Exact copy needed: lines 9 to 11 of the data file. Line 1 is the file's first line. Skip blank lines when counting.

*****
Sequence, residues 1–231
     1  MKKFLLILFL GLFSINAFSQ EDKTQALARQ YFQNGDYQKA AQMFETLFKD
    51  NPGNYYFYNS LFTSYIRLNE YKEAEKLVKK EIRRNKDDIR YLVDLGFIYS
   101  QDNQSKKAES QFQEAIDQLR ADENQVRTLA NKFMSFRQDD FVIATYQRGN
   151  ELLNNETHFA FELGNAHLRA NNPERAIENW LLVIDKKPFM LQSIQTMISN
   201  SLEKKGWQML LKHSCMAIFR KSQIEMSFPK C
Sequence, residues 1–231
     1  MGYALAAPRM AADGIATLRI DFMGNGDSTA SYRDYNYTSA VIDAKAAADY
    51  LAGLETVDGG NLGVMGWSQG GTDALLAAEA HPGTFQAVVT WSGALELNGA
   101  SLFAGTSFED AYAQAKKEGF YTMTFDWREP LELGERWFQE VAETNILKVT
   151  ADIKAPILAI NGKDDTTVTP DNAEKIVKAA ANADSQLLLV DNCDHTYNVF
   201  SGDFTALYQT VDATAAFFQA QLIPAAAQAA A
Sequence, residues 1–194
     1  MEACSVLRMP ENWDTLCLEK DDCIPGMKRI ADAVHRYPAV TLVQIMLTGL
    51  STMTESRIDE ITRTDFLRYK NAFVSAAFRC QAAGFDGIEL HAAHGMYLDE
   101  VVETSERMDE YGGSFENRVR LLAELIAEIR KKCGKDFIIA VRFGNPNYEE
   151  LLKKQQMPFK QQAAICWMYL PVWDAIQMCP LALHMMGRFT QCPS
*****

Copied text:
    51  LAGLETVDGG NLGVMGWSQG GTDALLAAEA HPGTFQAVVT WSGALELNGA
   101  SLFAGTSFED AYAQAKKEGF YTMTFDWREP LELGERWFQE VAETNILKVT
   151  ADIKAPILAI NGKDDTTVTP DNAEKIVKAA ANADSQLLLV DNCDHTYNVF